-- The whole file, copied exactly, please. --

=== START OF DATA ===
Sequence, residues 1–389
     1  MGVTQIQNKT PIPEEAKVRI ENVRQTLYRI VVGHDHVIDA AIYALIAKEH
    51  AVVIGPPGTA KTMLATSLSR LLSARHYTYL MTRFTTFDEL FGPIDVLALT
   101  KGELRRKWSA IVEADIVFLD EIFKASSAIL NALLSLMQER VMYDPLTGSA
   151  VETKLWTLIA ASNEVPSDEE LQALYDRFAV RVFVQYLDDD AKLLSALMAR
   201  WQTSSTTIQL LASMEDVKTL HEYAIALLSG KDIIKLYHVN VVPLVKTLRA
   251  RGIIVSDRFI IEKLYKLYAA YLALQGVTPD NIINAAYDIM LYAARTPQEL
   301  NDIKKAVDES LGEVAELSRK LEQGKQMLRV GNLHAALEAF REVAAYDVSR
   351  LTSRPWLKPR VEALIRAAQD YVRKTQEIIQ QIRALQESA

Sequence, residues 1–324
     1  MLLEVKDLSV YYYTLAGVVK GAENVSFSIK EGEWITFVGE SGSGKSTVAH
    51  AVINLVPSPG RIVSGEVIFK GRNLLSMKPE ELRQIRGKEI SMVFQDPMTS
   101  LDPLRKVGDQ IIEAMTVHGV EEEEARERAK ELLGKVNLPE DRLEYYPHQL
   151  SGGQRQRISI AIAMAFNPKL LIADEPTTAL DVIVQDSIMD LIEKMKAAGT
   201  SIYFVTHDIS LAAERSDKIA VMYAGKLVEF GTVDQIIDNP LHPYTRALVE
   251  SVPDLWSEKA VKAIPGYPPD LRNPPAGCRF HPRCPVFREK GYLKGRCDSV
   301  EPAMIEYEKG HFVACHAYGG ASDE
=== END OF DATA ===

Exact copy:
Sequence, residues 1–389
     1  MGVTQIQNKT PIPEEAKVRI ENVRQTLYRI VVGHDHVIDA AIYALIAKEH
    51  AVVIGPPGTA KTMLATSLSR LLSARHYTYL MTRFTTFDEL FGPIDVLALT
   101  KGELRRKWSA IVEADIVFLD EIFKASSAIL NALLSLMQER VMYDPLTGSA
   151  VETKLWTLIA ASNEVPSDEE LQALYDRFAV RVFVQYLDDD AKLLSALMAR
   201  WQTSSTTIQL LASMEDVKTL HEYAIALLSG KDIIKLYHVN VVPLVKTLRA
   251  RGIIVSDRFI IEKLYKLYAA YLALQGVTPD NIINAAYDIM LYAARTPQEL
   301  NDIKKAVDES LGEVAELSRK LEQGKQMLRV GNLHAALEAF REVAAYDVSR
   351  LTSRPWLKPR VEALIRAAQD YVRKTQEIIQ QIRALQESA

Sequence, residues 1–324
     1  MLLEVKDLSV YYYTLAGVVK GAENVSFSIK EGEWITFVGE SGSGKSTVAH
    51  AVINLVPSPG RIVSGEVIFK GRNLLSMKPE ELRQIRGKEI SMVFQDPMTS
   101  LDPLRKVGDQ IIEAMTVHGV EEEEARERAK ELLGKVNLPE DRLEYYPHQL
   151  SGGQRQRISI AIAMAFNPKL LIADEPTTAL DVIVQDSIMD LIEKMKAAGT
   201  SIYFVTHDIS LAAERSDKIA VMYAGKLVEF GTVDQIIDNP LHPYTRALVE
   251  SVPDLWSEKA VKAIPGYPPD LRNPPAGCRF HPRCPVFREK GYLKGRCDSV
   301  EPAMIEYEKG HFVACHAYGG ASDE